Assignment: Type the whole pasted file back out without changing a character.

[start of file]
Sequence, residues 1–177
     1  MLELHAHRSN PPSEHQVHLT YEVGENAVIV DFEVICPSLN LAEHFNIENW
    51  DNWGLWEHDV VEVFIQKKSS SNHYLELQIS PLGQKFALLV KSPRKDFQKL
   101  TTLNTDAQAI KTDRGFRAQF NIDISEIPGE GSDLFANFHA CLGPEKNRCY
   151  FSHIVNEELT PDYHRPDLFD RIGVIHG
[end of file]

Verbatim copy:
Sequence, residues 1–177
     1  MLELHAHRSN PPSEHQVHLT YEVGENAVIV DFEVICPSLN LAEHFNIENW
    51  DNWGLWEHDV VEVFIQKKSS SNHYLELQIS PLGQKFALLV KSPRKDFQKL
   101  TTLNTDAQAI KTDRGFRAQF NIDISEIPGE GSDLFANFHA CLGPEKNRCY
   151  FSHIVNEELT PDYHRPDLFD RIGVIHG